Regulating Resolutions

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Making—and breaking—New Year’s resolutions is a simple matter. That may soon change.

Congress has established a new agency, the US Oath Authority, to impose quality standards and promote responsible beginning-of-the-year life improvement vows. Once the rules are established, the agency will investigate alleged violations, enforce federal oversight and set penalties for failure to comply with proper procedures.

“Americans should keep their promises,” says Letseeu Dueit, the Authority’s spokesperson. “People need to be made aware of the consequences of reckless resolution-making.”

To help consumers comply with the proposed laws, most popular over-the-counter resolutions will feature labels detailing complications and side effects. Also under consideration is a rule that has the $22.9 trillion resolution industry worried—a requirement forcing individuals to limit annual resolutions to two, each with a chance of failure rate of 15% or less. (Other promises made between individuals would not be affected.)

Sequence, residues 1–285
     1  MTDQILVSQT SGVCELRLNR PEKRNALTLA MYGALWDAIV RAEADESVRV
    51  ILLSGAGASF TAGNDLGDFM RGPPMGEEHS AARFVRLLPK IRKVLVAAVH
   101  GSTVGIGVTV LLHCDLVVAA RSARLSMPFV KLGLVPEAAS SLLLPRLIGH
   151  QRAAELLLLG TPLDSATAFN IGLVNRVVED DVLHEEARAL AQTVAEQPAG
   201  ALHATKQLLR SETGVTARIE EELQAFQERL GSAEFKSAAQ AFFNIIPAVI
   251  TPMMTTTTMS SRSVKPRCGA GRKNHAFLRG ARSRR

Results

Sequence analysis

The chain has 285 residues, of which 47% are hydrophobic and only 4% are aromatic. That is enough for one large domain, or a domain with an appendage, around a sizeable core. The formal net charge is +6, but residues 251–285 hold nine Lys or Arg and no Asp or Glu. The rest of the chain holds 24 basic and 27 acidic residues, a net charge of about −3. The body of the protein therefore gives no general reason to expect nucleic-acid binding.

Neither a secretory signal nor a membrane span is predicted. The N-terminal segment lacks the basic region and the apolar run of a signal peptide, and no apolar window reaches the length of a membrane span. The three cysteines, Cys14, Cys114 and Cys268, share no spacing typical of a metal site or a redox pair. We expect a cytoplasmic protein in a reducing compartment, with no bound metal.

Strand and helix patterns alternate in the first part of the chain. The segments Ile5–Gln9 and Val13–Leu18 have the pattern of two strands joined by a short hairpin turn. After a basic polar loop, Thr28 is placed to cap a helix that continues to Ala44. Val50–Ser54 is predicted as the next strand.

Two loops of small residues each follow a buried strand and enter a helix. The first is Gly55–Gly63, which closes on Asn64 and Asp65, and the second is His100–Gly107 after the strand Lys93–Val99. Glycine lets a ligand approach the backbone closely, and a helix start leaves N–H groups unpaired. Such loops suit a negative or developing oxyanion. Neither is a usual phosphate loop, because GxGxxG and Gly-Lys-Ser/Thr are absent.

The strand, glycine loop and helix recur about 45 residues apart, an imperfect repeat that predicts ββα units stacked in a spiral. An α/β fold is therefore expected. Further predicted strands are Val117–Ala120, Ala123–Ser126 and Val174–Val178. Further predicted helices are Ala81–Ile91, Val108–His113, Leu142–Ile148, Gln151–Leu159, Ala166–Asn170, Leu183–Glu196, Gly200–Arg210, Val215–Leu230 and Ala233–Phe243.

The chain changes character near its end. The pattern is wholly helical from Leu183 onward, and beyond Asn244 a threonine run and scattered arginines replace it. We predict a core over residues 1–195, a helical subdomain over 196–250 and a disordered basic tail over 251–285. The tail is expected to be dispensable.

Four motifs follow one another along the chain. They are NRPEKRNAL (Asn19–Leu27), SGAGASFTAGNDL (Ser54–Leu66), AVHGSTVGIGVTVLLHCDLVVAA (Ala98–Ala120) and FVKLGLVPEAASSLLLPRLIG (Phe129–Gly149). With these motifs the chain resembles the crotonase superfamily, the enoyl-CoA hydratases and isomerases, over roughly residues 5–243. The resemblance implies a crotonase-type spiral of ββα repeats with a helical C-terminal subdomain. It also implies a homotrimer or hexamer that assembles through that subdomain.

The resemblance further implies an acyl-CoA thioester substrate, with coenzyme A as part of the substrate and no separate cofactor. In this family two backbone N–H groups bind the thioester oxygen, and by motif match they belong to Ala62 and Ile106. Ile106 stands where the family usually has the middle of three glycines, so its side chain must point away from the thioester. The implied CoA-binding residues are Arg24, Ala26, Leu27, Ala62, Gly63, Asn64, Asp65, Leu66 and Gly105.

In addition, Ms. Dueit says the Authority is contemplating switching the official resolution date to September first. Studies have shown that nine of ten resolutions made on the current date of January 1 are abandoned within weeks.

Supporters of the proposals say reform is long overdue, and will help counter widespread pessimism about the sustainability of New Year’s resolutions.

Still, there’s some concern that asking Americans to stop lying to themselves could lead to unrealistic expectations of truthfulness on the part of others. The Oath Authority admits mass honesty is unlikely to occur in the near future, no matter how many laws are passed by Congress.

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